Saturday, October 22, 2011

The Other Side of the Storm

Peter stood, watching the waves crash against the boat. He wondered why they had been sent ahead into the storm. The others were scared, just as he was. Jesus had stayed behind to send the masses home, but Peter had wondered how He planned to follow them. Then the storm came. Peter knew this was the kind of storm that made you bring in the nets and get to the docks as quickly as possible, but they were in the middle of the Sea of Galilee. Suddenly, Peter saw something in the distance standing out against the blackness of the storm. In only a moment someone cried out, "It's a spirit!" Peter squinted against the rain and the, it wasn't a spirit, it was the Lord. How was he coming across the water? If Peter could believe his eyes, Jesus appeared to be walking on the water. Out of the storm a familiar voice came across the water, "Be of good cheer, it is I; be not afraid." (Matt 14:27, KJV)

Jesus uttered those words in the midst of a literal storm, but today we need to hear them just as much as Peter and the rest did. When we are obedient to the voice of our Lord, there are many times that we end up in a storm, not because we have sinned, but because Jesus wants to show us that we can have faith in Him and not in our circumstances. You read that previous sentence right, I said we shouldn't have faith in our circumstances. Some of you have never thought of it that way, have you?  You are wondering how you have had faith in your circumstances, aren't you? When we are worried or when we believe that we will not overcome the circumstances, then we have placed our faith in the power of those circumstances. Many of us will look at our circumstances, much as Peter did, and decide that the storm is too big for us, so we get ready to endure it or run from it, with no thought given to prayer. No matter how cliche it may sound, prayer is the answer. When we pray, we may not always get out of the storm, but then we may. The thing is that we need to have faith in God, who has control of the storm, instead of the storm.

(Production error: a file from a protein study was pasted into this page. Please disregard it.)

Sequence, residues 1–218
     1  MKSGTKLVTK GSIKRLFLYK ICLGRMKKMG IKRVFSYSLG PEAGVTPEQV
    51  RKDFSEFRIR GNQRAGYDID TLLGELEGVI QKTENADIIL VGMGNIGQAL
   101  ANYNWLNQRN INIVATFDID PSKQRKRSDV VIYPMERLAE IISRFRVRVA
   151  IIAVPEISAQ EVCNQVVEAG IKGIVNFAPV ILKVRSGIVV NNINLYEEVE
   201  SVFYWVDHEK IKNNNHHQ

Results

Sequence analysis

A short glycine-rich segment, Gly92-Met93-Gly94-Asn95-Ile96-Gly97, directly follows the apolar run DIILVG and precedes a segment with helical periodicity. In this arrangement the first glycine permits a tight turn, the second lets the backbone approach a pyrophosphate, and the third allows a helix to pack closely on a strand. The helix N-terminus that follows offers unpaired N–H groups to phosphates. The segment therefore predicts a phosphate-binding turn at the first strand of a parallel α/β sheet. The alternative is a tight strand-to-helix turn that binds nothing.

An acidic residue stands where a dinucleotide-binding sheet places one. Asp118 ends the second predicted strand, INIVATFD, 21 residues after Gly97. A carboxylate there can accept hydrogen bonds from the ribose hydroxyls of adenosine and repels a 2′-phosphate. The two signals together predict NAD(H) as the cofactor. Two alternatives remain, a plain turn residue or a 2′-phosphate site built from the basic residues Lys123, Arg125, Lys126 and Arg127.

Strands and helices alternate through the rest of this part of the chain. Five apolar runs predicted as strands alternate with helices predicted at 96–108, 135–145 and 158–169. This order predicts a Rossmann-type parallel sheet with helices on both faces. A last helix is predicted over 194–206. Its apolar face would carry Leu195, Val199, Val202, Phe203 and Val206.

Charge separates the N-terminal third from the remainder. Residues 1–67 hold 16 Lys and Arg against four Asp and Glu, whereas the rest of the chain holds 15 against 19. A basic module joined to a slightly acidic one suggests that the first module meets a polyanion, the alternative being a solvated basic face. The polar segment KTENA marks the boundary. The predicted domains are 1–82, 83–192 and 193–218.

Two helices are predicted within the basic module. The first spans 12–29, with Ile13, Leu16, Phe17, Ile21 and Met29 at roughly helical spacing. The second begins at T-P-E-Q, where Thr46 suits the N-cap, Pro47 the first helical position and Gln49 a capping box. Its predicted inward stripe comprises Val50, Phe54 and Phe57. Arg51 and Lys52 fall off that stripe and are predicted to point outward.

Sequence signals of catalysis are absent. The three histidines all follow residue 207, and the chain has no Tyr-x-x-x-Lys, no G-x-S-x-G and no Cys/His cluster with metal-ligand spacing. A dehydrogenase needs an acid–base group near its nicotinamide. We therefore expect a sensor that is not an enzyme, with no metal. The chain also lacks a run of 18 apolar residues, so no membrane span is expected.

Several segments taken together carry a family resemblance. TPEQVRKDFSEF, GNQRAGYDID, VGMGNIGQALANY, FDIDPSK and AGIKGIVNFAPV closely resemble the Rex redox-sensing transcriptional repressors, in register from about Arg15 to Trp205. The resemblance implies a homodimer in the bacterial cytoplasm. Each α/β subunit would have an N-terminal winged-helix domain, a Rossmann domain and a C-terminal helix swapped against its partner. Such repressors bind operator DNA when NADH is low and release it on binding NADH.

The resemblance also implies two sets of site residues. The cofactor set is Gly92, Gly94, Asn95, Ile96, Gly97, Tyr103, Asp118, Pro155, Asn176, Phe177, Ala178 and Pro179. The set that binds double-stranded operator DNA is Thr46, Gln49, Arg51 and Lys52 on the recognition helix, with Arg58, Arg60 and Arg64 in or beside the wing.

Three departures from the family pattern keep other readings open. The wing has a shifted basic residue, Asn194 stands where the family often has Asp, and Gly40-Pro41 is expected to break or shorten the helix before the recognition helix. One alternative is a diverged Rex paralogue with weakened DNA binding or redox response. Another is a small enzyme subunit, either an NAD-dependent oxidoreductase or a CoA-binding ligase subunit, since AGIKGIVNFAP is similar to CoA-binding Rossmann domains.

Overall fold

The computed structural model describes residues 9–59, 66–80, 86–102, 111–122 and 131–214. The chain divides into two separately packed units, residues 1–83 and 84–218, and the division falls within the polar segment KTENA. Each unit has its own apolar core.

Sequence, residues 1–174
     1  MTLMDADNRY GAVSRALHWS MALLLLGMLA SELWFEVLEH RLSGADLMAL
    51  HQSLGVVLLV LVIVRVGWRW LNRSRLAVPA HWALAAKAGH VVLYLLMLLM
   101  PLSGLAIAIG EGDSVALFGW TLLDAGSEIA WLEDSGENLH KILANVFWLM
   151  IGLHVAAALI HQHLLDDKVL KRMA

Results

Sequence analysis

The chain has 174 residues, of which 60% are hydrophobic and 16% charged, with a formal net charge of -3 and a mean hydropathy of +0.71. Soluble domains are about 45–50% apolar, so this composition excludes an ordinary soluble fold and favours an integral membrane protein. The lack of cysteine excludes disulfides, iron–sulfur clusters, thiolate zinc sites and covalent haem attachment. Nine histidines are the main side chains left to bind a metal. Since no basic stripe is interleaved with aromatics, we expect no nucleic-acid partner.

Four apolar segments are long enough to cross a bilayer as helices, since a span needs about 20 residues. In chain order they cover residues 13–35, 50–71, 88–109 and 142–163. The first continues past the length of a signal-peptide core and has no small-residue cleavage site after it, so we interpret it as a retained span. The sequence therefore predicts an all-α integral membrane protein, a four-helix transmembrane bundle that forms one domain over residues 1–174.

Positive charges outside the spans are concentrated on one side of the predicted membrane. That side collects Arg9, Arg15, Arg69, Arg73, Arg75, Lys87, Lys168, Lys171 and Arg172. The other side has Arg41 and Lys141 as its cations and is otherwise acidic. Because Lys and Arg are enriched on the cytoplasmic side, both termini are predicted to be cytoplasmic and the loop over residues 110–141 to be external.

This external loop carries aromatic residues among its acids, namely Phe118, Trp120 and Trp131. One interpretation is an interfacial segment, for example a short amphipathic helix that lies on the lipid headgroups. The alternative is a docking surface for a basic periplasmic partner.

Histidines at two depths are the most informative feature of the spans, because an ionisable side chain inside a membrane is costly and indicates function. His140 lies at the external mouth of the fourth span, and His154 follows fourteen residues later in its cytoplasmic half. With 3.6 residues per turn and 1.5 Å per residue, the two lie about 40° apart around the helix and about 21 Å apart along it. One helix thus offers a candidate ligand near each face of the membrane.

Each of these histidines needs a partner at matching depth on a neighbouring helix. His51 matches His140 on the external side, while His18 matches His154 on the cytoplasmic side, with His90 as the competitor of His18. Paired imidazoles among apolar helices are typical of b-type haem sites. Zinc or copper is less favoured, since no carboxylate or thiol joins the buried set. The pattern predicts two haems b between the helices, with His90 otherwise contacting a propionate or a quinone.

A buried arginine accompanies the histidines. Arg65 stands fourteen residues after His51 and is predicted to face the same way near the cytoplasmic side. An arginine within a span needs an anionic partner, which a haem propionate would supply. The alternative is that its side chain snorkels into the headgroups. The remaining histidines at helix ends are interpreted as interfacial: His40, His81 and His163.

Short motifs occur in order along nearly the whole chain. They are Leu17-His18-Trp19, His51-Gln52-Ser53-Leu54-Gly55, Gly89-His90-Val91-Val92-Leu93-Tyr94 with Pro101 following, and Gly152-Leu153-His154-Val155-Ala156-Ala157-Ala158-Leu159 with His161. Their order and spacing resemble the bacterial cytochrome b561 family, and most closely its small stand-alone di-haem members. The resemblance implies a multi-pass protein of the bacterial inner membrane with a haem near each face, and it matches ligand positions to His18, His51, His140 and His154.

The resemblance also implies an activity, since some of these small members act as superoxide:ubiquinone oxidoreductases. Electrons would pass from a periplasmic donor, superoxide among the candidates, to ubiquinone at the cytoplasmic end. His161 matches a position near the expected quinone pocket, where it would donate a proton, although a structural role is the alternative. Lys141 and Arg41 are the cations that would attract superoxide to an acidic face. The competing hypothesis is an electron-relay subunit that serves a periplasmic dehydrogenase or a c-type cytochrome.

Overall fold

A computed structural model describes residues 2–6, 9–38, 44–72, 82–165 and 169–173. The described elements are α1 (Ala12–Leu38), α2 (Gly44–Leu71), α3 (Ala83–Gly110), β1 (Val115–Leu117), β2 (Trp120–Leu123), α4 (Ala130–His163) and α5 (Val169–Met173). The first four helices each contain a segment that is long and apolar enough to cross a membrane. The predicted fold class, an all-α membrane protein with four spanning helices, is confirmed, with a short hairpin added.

I have a friend that suffers in pain almost every day, but she does not dwell in her circumstances. She has come to the realization that faith in her circumstances will benefit her nothing, but faith in Christ will gain her everything. She has moments when it seems overwhelming, when fear and doubt tries to take hold, just as Peter did, but she doesn't allow those circumstances to become her god. She is an inspiration to me, because she has a devotion to serve God, in spite of her circumstances, that surpasses the run-of-the-mill Christian. Paul once wrote about a thorn in his side that God would not remove because it kept him grounded in faith. How many of us can say that we accept our circumstances, not as what controls us, but as part of the plan God has for our lives? We need to learn to have the same kind of faith Paul had when he was bitten by the poisonous snake, to know that the circumstance had no power, because Paul knew he was going to be in Rome when he died in the service of Christ. Or we can be more like Peter and the rest on the ship...filled with doubt and fear, even though we have a promise that we will get to the other side of the storm.

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